by Jenna A. Robinson
In 1974, the ECU Brody School of Medicine was established “to increase the supply of primary care physicians to serve the state, to enhance the access of minority and disadvantaged students in obtaining a medical education, and to improve health status of citizens in eastern North Carolina.”
Now, the school is asking legislators for $8 million in recurring funding to stabilize the institution’s finances, claiming that that Brody is key to the eastern region of the state.
But Brody has not lived up to its promise. Over the past 10 years, nearly sixty percent of its graduates have left the state for their residencies. Many more moved to central or western NC. Most never returned to the eastern part of the state. (See table.)
The problem is particularly acute in highly specialized fields like anesthesiology, neurology, and pathology. Of ECU’s 2014 class, no students specializing in those fields stayed in North Carolina for their residencies. ECU even brags that it has trained surgeons from 33 states in the use of the robotic da Vinci Surgical System.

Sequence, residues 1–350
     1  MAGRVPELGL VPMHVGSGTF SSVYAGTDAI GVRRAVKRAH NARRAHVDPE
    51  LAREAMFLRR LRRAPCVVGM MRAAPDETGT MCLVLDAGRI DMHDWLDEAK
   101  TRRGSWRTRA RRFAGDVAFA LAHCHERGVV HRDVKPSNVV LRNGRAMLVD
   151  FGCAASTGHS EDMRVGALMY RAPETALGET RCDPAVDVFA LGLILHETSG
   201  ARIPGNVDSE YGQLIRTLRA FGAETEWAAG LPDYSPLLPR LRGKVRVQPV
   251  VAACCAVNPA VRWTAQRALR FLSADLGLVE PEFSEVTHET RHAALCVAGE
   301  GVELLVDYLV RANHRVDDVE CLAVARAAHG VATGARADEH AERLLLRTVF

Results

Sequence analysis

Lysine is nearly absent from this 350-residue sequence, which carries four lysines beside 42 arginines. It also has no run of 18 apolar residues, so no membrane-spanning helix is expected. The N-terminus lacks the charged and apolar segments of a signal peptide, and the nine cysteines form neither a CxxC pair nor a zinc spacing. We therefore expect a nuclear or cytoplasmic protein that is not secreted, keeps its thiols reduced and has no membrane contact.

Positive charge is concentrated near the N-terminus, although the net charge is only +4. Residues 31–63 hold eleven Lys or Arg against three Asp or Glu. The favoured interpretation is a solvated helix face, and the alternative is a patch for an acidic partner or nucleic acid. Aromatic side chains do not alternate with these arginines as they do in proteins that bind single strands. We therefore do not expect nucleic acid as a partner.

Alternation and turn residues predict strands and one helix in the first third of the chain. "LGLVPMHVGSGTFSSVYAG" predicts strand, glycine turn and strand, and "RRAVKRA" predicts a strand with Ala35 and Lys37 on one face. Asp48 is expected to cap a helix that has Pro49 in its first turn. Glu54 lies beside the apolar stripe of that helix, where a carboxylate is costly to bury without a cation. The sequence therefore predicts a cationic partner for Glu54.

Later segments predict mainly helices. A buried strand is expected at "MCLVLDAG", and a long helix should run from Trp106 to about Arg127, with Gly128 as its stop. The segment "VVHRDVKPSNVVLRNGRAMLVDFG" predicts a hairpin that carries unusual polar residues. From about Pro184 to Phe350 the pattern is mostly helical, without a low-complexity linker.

Compare that to graduates in high-need fields. Three quarters of ECU’s graduates in pediatrics stayed in state for their residences—most of them in eastern North Carolina. More than half of graduates specializing in family medicine stayed in North Carolina, many at Vidant Medical Center in Greenville.
If state and local leaders are serious about Brody being a resource for Eastern North Carolina, they will consider changing the school’s programs to focus on North Carolina’s real needs.